What schools did you attend in TUSD? Crane School (Kindergarten), Dennis Earl Elementary School (1st - 3rd grade), Julien Elementary School GATE Program (4th - 6th grades), Turlock Junior High School, and Pitman High School.

What year did you graduate? 2010

What schools did you attend after high school? Major? I attended Santa Clara University for my Bachelor’s Degree from 2010 - 2014. I received a double major from Santa Clara, a Bachelors of Arts in Music Performance and a Bachelor’s of Science in Psychology. I also attended Penn State for my Master’s Program from 2016 - 2017. I received my Masters in Special Education with an emphasis in Applied Behavior Analysis.

What are your career goals? Or your career?
  • I work as a Board Certified Behavior Analyst (BCBA) with a private agency called Bay ABA, LLC based in San Mateo County. I provide Applied Behavior Analysis (ABA) therapy to children with Autism and other related developmental disorders. I've been in the field since August 2014 and have since gone on to receive my BCBA certification in November of 2017. 
  • ABA looks at challenging behaviors that clients engage in, find out what the function of that behavior is (aka why they potentially engage in that behavior) and give clients an appropriate way to express that want and need. For example, if we find that a client cries and whines to get a specific item, we can teach them to either use words to express that want by using their words (e.g. "Toy please"), point to get an item (e.g. touch the item with a point to tell you they want the item), or other forms of communication. We also look at teaching other skills that are needed within society including socialization, matching, labeling items (e.g. "That's a frog!"), self-help, and other skill domains.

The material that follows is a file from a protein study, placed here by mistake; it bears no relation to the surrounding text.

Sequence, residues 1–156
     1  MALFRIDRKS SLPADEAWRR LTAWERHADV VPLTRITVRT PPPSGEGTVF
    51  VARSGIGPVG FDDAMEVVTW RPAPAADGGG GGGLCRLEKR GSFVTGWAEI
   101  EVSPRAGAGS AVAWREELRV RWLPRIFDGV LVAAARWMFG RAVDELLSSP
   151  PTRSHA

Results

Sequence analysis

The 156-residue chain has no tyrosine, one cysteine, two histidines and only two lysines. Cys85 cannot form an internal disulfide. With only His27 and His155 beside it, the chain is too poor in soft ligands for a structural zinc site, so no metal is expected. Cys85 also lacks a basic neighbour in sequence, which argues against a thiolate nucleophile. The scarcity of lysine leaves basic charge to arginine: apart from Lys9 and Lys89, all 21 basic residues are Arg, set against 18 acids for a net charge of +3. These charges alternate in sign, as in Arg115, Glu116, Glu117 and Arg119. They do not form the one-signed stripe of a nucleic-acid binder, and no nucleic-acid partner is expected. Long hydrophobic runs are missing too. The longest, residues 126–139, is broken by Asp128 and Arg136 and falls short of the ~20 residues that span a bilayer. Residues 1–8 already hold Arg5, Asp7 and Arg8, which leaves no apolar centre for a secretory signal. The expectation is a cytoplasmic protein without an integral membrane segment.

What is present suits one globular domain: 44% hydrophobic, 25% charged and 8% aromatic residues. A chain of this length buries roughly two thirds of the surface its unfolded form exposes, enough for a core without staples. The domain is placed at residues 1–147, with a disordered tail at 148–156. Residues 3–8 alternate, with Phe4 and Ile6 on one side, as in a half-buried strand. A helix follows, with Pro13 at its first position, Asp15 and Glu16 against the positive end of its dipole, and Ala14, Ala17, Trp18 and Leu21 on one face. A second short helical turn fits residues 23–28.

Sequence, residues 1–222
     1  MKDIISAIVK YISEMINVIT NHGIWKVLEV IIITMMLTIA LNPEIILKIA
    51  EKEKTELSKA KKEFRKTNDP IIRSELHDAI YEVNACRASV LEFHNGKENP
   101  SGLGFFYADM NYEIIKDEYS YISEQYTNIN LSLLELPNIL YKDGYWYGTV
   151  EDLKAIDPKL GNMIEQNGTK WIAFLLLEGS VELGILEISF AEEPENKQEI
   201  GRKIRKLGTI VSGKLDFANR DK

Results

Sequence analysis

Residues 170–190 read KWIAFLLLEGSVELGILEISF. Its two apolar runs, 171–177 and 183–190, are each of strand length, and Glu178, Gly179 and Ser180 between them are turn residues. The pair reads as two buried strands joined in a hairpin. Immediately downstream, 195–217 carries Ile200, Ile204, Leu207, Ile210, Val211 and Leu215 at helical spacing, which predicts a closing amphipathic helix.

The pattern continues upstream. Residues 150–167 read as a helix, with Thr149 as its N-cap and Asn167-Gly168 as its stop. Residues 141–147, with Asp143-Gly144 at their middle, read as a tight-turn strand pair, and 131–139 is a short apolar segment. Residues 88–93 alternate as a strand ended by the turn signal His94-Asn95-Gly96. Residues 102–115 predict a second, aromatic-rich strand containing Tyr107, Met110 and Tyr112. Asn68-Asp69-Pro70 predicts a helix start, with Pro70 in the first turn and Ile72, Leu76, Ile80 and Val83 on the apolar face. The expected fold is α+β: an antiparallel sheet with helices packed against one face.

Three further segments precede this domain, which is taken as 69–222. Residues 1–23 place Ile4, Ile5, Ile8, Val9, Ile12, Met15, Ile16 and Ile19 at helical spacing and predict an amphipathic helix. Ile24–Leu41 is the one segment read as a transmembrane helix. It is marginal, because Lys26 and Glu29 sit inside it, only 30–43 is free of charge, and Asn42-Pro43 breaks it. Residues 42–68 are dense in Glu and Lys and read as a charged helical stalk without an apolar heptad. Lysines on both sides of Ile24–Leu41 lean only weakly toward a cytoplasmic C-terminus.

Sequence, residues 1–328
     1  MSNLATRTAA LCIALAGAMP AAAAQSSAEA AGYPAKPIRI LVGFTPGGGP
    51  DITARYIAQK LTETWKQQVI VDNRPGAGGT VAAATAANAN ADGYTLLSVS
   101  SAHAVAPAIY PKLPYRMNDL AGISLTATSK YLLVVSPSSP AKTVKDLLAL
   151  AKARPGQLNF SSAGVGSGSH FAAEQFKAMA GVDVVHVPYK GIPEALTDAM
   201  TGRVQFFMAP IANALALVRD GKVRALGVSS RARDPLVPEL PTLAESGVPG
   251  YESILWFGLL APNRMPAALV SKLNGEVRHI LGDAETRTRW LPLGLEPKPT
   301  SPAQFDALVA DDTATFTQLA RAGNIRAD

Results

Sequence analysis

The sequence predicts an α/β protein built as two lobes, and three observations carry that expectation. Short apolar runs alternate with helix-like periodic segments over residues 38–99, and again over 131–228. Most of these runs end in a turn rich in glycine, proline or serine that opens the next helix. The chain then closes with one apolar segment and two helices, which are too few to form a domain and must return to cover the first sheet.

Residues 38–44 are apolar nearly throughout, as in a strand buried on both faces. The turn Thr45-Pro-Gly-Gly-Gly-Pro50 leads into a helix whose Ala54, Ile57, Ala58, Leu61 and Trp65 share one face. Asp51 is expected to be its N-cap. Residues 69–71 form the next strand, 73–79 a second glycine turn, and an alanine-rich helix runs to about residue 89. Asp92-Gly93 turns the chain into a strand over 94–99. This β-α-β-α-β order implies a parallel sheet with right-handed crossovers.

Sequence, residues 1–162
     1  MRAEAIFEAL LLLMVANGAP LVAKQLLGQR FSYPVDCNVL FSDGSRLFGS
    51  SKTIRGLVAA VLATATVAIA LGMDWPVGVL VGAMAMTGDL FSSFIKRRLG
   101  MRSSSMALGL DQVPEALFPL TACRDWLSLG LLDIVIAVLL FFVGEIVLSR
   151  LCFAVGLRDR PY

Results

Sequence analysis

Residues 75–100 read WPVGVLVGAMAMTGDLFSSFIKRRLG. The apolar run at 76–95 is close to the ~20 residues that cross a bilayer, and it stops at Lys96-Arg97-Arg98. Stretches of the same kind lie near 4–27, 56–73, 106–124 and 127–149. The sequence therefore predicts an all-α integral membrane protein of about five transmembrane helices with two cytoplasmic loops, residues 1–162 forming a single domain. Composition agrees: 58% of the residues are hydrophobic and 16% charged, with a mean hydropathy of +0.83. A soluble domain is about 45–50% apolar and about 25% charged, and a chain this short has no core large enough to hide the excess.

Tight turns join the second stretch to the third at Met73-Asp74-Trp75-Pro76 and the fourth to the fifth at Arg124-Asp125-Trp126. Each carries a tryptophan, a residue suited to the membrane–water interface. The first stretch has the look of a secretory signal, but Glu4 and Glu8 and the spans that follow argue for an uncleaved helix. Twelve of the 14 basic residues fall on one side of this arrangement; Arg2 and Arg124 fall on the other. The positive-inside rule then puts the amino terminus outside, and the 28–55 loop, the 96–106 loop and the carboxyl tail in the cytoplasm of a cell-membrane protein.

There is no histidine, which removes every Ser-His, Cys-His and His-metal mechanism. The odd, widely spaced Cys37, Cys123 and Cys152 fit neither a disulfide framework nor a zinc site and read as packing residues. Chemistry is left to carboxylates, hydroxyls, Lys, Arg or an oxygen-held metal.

• I currently work in Early Intervention providing therapy to children between the ages 2-6 and a few school aged children. It's been an incredible experience to see how I can touch the lives of families and children in such a monumental way! I've learned to break down skills and celebrate small changes with families. Even something as small as looking in the direction of someone who called your name or having a client give you a high five when you asked is something we celebrate on a daily basis.
What teachers/classes made an impact on you?
  • I feel as though each teacher I had made an impact on the adult I became. I would love to give recognition to each and every one of them, but that would take multiple emails! Here's a few highlights: 
  • Ms. Haydock was my kindergarten teacher at Crane Elementary. Her love for nature and creativity nurtured me at a young age to love the outdoors. She had a special ability to make you feel welcome within her class and incorporate learning and fun together. I still remember the day she taught the class how to jump rope and helped me learn when to jump in to the already moving rope. A skill I've passed along to multiple clients I currently work with. Thanks for pushing me to be the narrator for the class play instead of allowing me to just be the cow. My mom always makes fun of how I wanted to be the cow so I could only have one line ("Moo"). 
  • Mr. Costa was my third grade teacher at Dennis Earl. He was generous and kind to all of us students. I have very specific memories from this class from competitions with other students on math times tables, to getting to be the flag bearer for Thailand at our Countries assembly that year. I still haven't been to Thailand, but it's been on the bucket list since I was in third grade!